In Baran v. ASRC Federal, a federal jury in Camden awarded $3.5 million on March 7 to a woman who claimed her former employer made false and defamatory statements about her to a federal agency.
According to court documents, plaintiff Anna Baran worked as a software engineer at ASRC Federal in Moorestown, a defense contractor, in January 2013, when a company manager reported to Moorestown police that Baran had threatened to bring a gun to work and shoot three people. The manager also told police that Baran said, “Don’t be surprised if this building goes up,” according to the suit. Baran maintained that she never made any such statements.
After the company’s reports, Baran was placed under arrest, charged with various offenses, and taken by police to a hospital for a psychiatric evaluation, and the company fired her a few days later her arrest, the documents said. Ultimately a Superior Court judge dismissed the criminal charges against her. Yet the company reported the incident to the U.S. Joint Personnel Adjudication System, which collects information about people with security clearances. Baran had a security clearance but lost it after ASRC’s report to the federal agency. She also claimed the company reported the allegations about the gun threats to a prospective future employer, which she claimed led that employer not to hire her.
Baran claimed in her suit that she was fired in retaliation for her complaints that her supervisor was harassing her because of her Polish ancestry and for her stated intention to file a complaint with the Equal Employment Opportunity Commission. But the jury rejected both of those claims. The jury did accept Baran’s claim that the company made a false and defamatory statement to JPAS about her alleged threats of workplace violence, even after the manager who reported Baran to police testified that the threats were legitimate. Baran was awarded $3.5 million in damages for the defamation following a trial conducted by U.S. District Judge Renee Bumb of the District of New Jersey.
Baran’s lawyer was LaTanya Bland-Tull of Hagerty & Bland-Tull in Moorestown. She was assisted by the firm’s Robert Hagerty.
ASRC was represented by William Leahy, Alexa Laborda Nelson and Greg Greubel of Littler Mendelson in Philadelphia. Leahy declined to comment and referred a reporter to an ASRC spokesman, Anton Pototski, who also declined to comment.
After the verdict, ASRC filed a motion for judgment as a matter of law, based on its contention that the defamation claim was time-barred, and a motion for remittitur of the award.
— Charles Toutant
$925K in Middlesex Med Mal Case
Hardy v. Nayal: A woman claiming her doctor negligently failed to send her for testing related to a prior tumor, ultimately leading to her losing vision in her one good eye, was paid $925,000 on Feb. 27 to settle her Middlesex County medical malpractice suit.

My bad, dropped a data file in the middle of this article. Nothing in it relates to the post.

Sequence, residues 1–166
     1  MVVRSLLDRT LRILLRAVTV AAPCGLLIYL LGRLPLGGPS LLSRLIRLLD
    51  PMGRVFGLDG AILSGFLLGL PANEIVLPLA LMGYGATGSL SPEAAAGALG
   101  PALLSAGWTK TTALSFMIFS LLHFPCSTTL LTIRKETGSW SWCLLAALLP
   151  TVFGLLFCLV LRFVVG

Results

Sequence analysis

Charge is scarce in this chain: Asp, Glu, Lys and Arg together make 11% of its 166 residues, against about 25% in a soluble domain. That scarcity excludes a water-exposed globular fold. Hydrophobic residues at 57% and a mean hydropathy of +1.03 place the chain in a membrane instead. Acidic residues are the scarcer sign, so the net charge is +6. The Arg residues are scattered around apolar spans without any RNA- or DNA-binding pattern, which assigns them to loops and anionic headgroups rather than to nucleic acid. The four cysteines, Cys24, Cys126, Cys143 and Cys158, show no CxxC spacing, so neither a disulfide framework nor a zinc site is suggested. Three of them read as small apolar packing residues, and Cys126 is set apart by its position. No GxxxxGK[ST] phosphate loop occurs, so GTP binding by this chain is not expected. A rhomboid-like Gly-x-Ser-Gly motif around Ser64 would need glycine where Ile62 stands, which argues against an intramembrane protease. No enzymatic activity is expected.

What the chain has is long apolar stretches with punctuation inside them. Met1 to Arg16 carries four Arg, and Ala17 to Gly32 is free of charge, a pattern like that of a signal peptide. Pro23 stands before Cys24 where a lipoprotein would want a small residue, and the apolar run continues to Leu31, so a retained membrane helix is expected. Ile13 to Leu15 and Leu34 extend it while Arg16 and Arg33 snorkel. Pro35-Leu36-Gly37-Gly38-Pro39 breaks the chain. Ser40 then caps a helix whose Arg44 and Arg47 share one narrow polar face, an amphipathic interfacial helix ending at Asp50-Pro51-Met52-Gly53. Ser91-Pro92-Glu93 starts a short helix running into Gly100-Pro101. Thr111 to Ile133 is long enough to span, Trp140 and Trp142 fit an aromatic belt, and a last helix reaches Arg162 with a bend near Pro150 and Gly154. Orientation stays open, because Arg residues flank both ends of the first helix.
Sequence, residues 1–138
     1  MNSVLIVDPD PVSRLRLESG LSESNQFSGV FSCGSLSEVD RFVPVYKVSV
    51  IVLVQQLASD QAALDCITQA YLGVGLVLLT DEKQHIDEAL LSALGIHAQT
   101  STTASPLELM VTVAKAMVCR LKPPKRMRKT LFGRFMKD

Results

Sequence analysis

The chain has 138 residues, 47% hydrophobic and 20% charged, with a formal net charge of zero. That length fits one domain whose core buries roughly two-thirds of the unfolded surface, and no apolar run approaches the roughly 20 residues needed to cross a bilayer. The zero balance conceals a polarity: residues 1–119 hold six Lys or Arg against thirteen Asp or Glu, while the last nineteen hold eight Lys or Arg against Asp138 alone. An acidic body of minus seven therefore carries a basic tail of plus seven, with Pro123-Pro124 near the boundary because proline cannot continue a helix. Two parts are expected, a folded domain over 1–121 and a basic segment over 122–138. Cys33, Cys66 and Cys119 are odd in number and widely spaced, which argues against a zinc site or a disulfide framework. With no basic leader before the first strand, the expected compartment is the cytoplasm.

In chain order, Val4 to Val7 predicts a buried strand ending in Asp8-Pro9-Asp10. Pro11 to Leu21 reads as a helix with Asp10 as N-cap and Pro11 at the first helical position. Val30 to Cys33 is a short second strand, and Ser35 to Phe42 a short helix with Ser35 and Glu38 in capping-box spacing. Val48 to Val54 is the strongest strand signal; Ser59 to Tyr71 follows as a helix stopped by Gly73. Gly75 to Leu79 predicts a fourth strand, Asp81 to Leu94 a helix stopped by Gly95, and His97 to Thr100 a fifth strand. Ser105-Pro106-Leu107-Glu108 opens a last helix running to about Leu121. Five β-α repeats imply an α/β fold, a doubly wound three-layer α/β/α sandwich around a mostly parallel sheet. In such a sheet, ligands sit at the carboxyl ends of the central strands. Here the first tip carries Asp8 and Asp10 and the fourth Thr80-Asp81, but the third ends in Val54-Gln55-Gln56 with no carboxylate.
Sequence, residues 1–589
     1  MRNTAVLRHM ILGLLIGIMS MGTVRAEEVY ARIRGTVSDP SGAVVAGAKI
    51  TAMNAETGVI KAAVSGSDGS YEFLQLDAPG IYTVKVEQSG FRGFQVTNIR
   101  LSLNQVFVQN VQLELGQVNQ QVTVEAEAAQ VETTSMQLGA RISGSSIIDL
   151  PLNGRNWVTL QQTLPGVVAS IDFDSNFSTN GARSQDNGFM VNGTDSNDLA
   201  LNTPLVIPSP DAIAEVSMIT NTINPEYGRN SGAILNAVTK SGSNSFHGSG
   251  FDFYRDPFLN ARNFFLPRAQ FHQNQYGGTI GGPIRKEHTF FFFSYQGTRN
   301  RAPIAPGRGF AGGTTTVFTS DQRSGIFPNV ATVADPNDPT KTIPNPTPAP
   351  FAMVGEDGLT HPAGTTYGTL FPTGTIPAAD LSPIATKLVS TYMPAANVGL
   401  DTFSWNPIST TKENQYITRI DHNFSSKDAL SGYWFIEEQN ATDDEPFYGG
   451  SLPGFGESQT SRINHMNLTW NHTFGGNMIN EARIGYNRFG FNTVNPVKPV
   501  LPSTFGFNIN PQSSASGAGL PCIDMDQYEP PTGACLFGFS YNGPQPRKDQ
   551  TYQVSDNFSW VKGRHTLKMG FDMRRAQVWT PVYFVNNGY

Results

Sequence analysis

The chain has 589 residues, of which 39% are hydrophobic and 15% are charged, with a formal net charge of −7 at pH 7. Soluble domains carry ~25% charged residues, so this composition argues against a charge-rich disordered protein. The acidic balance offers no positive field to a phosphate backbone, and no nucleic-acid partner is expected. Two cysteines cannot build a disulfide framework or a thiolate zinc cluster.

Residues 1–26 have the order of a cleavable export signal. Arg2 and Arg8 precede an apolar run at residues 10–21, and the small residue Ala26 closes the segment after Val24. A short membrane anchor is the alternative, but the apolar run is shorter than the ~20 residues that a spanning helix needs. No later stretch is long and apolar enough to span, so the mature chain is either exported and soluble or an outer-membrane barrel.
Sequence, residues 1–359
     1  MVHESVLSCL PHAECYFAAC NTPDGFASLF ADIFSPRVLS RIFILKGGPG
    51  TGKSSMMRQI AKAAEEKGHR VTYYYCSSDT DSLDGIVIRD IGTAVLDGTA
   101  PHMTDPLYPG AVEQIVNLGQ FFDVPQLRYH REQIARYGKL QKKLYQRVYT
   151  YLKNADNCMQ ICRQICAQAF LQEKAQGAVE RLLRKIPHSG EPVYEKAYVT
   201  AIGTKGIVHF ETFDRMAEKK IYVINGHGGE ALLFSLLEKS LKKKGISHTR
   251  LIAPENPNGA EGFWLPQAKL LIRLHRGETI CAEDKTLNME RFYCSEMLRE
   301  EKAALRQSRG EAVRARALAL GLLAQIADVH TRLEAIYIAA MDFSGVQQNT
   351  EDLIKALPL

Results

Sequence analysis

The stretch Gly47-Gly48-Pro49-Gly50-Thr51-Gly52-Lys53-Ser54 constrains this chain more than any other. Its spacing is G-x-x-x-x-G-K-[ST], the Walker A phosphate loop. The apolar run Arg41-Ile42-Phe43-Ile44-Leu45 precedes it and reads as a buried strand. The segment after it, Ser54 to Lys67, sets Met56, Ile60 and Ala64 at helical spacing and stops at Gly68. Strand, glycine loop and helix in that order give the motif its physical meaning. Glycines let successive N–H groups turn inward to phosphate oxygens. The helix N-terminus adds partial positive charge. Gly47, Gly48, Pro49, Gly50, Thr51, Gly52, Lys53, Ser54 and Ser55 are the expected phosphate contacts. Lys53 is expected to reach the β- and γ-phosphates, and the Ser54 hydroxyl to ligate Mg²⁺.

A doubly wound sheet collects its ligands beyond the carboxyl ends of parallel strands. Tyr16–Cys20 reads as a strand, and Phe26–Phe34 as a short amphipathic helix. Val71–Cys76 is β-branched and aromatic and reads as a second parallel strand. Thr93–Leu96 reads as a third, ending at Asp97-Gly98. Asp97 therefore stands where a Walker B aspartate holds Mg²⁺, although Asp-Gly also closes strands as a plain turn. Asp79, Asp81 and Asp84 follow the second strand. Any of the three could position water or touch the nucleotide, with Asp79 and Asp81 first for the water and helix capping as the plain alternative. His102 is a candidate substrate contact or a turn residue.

Plaintiff Maureen Hardy alleged that Eyad Nayal of Wayne Neurological Associates treated her for several years after she underwent surgery in 2007 to remove a tumor from the optic canal on the right side of her face. After the 2007 surgery, which rendered Hardy blind in her right eye, she began receiving follow-up treatment for pain from Nayal, a neurologist, and visited him 17 times from 2007 to 2014, said her lawyer, Susan Connors of Nagel Rice in Roseland.
The suit claimed that Hardy’s facial pain worsened during that time frame, and that Nayal was negligent in failing to refer her for radiology imaging. She was eventually tested in May 2014, on the order of a different doctor, and was found to have a recurring tumor, which necessitated additional surgery and which ultimately led to total loss of vision in her left eye, rendering her totally blind, said Connors, who handled the matter along with Bruce Nagel of the same firm.
Both Nayal and his medical group, located in Wayne, were named as defendants in the suit, which was venued in Middlesex County based on Hardy’s residence, according to Connors. Hardy claimed they defendants should have monitored her condition more proactively.
The defendants disputed negligence, contending that Nayal’s charge was to treat pain, and that Hardy should have consulted with a neurosurgeon for imaging, Connors said.
The defendants also contended that the suit was time-barred, according to court documents on the judiciary’s electronic database of civil cases.
The parties settled on Jan. 10, shortly before the scheduled Jan. 22 trial date. The defendants agreed to pay $925,000 of a $1 million policy covering both Nayal and the medical group, Connors said.
A stipulation of dismissal was entered on Feb. 26, according to the documents.
Counsel to the defendants, Michael Ricciardulli of Ruprecht Hart Weeks & Ricciardulli in Westfield, didn’t return a call about the case.
— David Gialanella